, 11, 11C, 12, 13, 14, 15, 16, 17, 1831, 186, 188, 19, N2076
Default banner
​A blogger's take on publishing​
Description: Blog cover
Description: h-4331
Description: The IPG
Posted by IPG
I struggle with describing myself as a writer, a published author, or indeed a publisher. All three descriptions feel remote, aloof and unobtainable. But nowadays they are not. Anyone can write and anyone can publish. In a sense I have been writing and publishing on my blog for 13 years! Nowadays I could even self publish ‘real’ books—either ebooks or via print on demand.

What is this thing called publishing then? Is it the applied skills of writers, editors, copywriters, designers and printers? Or, if we can increasingly achieve those various ends ourselves, is it mostly a question of marketing budgets? Maybe it is not even that.

I only realised after having my book published that publishers select writers partly on their potential to sell their own books—something that came as a surprise to me. I also discovered that all publishers are not equal. When a friend was whisked away on a book signing tour round the USA I asked, with barely hidden jealousy, how he had managed it. "Ah," he said with a knowing look, "I have an American publisher."

If conventional publishing is not about technical practicalities or marketing heft then, is self-publishing the way to go? Sadly too many of the self-published books that I have bought—indeed most—have been awful. The absence of a gatekeeper in the form of a publisher, combined with the increasing fallibility of the Amazon review system, leaves us open to risk in our purchases.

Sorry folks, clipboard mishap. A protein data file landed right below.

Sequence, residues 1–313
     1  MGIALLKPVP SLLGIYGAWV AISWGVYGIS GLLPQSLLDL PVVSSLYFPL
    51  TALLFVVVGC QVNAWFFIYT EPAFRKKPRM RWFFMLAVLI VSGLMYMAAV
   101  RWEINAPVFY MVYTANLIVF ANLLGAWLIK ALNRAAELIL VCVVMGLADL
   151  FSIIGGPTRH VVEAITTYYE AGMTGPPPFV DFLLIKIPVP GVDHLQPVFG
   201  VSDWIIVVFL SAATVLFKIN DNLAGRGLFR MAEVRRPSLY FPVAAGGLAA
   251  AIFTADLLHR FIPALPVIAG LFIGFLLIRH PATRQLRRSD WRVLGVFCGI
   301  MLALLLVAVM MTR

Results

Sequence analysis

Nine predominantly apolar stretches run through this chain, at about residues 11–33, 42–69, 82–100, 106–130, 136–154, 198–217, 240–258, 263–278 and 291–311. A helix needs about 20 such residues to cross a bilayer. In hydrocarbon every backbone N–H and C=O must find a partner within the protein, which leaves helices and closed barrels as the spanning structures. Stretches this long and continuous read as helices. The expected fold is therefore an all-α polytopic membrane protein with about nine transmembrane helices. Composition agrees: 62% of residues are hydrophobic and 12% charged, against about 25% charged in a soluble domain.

Roles and expectations are shifting. As I toy with the idea of another book, I look on these shifting sands and have to make a choice. Self-publish or approach a real publisher? Or one of the increasing number of in-between choices? Given that I already enjoy the conferred status of having a ‘proper’ book published I am tempted to try some form of DIY approach, but I don't underestimate the challenges involved. Maybe one day, and hopefully soon, all will become clear.

Euan Semple is the author of Organisations Don’t Tweet, People Do: A Manager’s Guide to the Social Web, published by
John Wiley. Visit his website at and follow him on Twitter @euan.

Related blogs

Click to reply

Have your say

Want to have your say on this blog post? Add a title of your message along with your actual message in the fields below.
Alternatively, if you just want to be notified when someone else makes a comment, use the 'watch' option here when you're logged in and we'll send you an email to let you know.


New on the blog

Description: think_australian_logo_071717
Posted by IPG
​Andrea Hanke on Australian independent publishing and ways to work together​ to promote books and sell rights - read more ➥
Description: MORTONS BOOKS logo
Posted by IPG
An introduction to specialist consumer publisher Mortons - read more ➥
Description: FBFStand
Posted by IPG
In the second of a three-part series of blogs, Ruth Tellis and Clare Hodder of Rights2, partners on our Frankfurt Rights Showcase, offer advice for... - read more ➥